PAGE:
Spectacled bears—also known as Andean bears—are named for the markings around their eyes that give them the appearance of wearing glasses. They are the only bear species found in South America and have left a cultural mark as the inspiration behind the popular Paddington Bear series of children’s books. Little is known about this elusive bear and while the mystery surrounding them may add to its mystique, it does little to further its conservation. Lack of knowledge about these bears considerably compromises the conservation management for the species.

This rare, charismatic bear is highly endangered, primarily due to habitat fragmentation that has caused bears to lose access to critical feeding areas. Although this bear is generally found in humid, alpine cloud forests, Spectacled Bear Conservation (SBC) discovered a population of more then 65 bears in the low elevation dry forest, providing a unique opportunity to observe these bears in the wild. Spectacled Bear Conservation has been able to characterize critical aspects of the bear’s biology and reproduction to identify their habitat needs and other factors impacting their conservation. SBC also works closely with the communities that live in and around bear habitat to build local people’s pride in conservation and introduce alternative behaviors that are less detrimental to the ecosystem.

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Peru

 

“We can prevent starvation and the suffering of spectacled bears by protecting their habitat and engaging local villages in conservation.”
—Robyn Appleton

A Unique Conservation Approach

Research

Spectacled Bear Conservation combines scientific rigor, passion, and countless field days to fill the vast gaps in knowledge about this species. They use GPS satellite collars, remote cameras, and direct behavioral observation to study these enigmatic bears to better understand their needs. In fact, they were the first to conduct an observation study in the wild and fit a bear with a GPS collar in Peru. They’ve already made several key discoveries, including unlocking some of the very first secrets about how the bears care for their young in such an extreme environment.

Working with Local Communities

No one knows the Peruvian mountains better than those who were born and raised there, and no one is more effective at spreading the conservation message than the local communities. SBC works with local people to provide conservation education, which spreads awareness about the bears throughout their communities. In 2010, SBC opened the Conservation Center of Batán Grande, for local conservationists and educators to use. SBC’s Forest Guardian Program empowers local women to earn a livelihood through the art of dry wool needle felting; women craft hand-made felt bears to sell, which supports them with a fair and competitive stable income.

Protecting Land

Vast swathes of forested bear habitat have been destroyed for agriculture and drug trafficking. Habitat from the lowest to the highest elevation has become extremely fragmented and grazing cattle has further destroyed remaining parcels of land. Creating national and community protected areas is the key to ensuring there is sufficient bear habitat. Using data received by collaring bears, SBC was able to design a 32,000 acre park—El Parque Arqueológico y Ecológico de Batán Grande—which protects a small, but viable bear population. SBC hopes to one day connect the park with another local ecological protected area, creating an even wider corridor of space for spectacled bears.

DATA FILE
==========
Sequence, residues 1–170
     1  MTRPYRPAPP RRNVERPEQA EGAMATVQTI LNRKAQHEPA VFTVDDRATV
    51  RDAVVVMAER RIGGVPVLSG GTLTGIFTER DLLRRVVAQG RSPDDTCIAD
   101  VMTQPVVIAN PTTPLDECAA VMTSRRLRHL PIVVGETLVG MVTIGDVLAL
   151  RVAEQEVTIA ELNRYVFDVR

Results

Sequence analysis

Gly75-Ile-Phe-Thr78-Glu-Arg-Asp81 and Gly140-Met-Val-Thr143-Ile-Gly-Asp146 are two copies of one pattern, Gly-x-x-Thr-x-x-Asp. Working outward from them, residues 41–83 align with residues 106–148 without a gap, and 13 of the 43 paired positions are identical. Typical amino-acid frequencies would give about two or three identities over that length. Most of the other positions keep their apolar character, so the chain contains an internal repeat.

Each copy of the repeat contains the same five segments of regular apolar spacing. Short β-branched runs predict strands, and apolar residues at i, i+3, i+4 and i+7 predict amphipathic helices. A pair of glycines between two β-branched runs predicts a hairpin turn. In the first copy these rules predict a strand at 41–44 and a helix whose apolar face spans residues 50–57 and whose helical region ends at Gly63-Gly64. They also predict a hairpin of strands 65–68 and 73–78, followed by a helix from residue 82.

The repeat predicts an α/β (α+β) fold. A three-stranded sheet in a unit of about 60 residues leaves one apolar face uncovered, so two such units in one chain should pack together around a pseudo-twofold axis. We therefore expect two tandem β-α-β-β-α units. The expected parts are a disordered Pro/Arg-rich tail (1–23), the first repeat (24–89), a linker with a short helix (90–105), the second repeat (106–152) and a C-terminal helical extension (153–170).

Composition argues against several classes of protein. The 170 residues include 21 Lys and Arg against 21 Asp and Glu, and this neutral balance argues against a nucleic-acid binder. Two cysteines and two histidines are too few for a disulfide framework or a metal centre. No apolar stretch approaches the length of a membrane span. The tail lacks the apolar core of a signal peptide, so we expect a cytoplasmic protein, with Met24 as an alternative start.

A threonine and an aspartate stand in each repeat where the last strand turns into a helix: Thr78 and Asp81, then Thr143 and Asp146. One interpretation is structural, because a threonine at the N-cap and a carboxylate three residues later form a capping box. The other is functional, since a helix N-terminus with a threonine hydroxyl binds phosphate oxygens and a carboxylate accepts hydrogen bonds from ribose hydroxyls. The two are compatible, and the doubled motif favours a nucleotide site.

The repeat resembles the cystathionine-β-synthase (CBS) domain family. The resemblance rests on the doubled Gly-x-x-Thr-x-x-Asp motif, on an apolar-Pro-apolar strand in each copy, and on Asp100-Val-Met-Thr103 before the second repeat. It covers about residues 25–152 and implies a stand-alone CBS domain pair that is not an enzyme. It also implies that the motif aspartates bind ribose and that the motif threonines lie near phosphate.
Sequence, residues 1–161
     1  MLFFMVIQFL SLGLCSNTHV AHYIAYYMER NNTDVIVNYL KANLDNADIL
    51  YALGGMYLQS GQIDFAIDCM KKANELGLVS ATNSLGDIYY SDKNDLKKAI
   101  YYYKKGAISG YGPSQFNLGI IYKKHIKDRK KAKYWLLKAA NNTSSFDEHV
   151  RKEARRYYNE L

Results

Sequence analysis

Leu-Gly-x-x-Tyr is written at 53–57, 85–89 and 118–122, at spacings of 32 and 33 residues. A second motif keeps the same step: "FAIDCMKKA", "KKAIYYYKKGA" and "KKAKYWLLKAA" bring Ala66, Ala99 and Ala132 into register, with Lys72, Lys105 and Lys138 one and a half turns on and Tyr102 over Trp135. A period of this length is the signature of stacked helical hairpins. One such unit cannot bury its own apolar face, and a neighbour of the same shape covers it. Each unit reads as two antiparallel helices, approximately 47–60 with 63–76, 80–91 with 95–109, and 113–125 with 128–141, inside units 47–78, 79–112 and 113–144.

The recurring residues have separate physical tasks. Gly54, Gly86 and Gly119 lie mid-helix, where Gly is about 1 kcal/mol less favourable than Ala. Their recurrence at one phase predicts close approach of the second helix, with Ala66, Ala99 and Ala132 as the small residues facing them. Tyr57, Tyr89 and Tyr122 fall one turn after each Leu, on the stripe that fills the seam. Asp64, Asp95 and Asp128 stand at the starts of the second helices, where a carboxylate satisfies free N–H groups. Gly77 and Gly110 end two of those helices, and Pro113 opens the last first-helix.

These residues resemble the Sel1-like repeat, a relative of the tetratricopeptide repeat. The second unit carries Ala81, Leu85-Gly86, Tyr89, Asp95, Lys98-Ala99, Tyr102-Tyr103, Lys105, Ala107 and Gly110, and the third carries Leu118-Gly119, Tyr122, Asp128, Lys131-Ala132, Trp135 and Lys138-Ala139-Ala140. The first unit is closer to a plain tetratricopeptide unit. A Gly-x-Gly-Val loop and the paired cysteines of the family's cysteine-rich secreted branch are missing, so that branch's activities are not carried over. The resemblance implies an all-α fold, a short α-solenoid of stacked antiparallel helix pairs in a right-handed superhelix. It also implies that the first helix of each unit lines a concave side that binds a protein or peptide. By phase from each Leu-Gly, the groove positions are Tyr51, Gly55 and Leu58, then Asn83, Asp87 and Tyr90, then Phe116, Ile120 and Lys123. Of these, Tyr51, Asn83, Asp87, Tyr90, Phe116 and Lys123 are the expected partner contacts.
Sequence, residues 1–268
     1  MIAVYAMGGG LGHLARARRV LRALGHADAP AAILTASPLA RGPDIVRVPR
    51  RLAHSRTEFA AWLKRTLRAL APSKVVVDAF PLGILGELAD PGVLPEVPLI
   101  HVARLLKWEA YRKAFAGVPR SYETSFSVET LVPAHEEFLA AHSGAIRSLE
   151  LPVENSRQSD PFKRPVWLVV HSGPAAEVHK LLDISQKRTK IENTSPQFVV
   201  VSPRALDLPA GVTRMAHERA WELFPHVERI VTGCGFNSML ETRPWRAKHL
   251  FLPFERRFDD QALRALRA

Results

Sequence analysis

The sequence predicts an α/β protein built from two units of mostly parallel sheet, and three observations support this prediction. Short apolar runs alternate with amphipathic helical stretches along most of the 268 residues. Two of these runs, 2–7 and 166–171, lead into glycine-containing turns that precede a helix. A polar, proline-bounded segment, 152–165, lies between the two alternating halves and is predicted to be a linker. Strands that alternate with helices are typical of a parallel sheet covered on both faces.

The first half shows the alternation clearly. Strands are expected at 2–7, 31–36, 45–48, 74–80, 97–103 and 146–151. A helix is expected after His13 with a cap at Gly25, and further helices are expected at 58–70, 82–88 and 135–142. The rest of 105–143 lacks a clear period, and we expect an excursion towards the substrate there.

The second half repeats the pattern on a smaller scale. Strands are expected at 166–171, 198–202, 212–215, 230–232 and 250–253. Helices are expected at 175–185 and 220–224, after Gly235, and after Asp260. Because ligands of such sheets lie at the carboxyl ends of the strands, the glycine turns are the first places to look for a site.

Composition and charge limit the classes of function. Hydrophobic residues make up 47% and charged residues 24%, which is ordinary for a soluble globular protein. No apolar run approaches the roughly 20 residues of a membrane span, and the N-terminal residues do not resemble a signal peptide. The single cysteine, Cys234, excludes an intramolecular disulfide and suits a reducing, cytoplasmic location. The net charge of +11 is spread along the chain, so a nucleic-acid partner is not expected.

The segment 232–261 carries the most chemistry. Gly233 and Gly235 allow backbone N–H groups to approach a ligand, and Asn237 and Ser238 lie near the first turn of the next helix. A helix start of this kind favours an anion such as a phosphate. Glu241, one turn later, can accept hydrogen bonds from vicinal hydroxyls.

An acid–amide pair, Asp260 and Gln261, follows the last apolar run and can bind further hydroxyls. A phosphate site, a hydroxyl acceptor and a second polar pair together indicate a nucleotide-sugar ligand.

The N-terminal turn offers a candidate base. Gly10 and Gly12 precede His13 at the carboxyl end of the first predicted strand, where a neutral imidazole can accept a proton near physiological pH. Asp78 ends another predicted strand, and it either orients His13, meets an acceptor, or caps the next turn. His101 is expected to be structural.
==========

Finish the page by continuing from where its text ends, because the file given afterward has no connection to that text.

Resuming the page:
21

new wild bears identified in a new habitat in 2015

 

11

bears that have been collared and tracked by SBC

 

Robyn Appleton

Born in western Canada, Robyn always had a love for nature and particularly bears. In 2003, she began her graduate work on black bears but after attending a couple of bear research conferences she realized almost nothing was known about spectacled bears. She quickly fell in love with this curious and charismatic species and became determined to try and help ensure their survival. In 2006 she moved to Peru and met animal tracker and ex-hunter Javier Vallejos. Together they discovered a viable bear population in the critically endangered dry forest of northern Peru. Shortly thereafter, she founded Spectacled Bear Conservation. Today, Robyn and her incredible field team continue to improve our knowledge of these shy animals through rigorous scientific research on spectacled bear biology, behavior, and habitat needs.

How You Can Help

Community

$50 Will train one local women in the art of dry needle felting. SBC’s felti program employs, educates, and empowers women and funds conservation.

 

Research

$ 500 Will purchase one camera trap used to identify new bears and new species to the area as well as monitor existing populations.

Monitoring

$750 Fully outfits an SBC field team member with all the equipment needed for a multi day backcountry scouting and research trips looking for new bear habitat, and monitoring current camera traps.

Team Building

$5,000 Funds one team in the field monitoring known bears and exploring unknown bear habitat for a month.

 

At What Point Do Conservationists Intervene For Wildlife?

Being a wildlife conservationist is a powerful responsibility. By definition, they’re acting for the preservation and protection of wildlife and their decisions can have an effect on an entire ecosystem. So how then do they make such weighty decisions? If an animal is in danger, how do they decide whether to intervene and when to step back and let the natural cycle of life—birth, growth, and death—function properly? 

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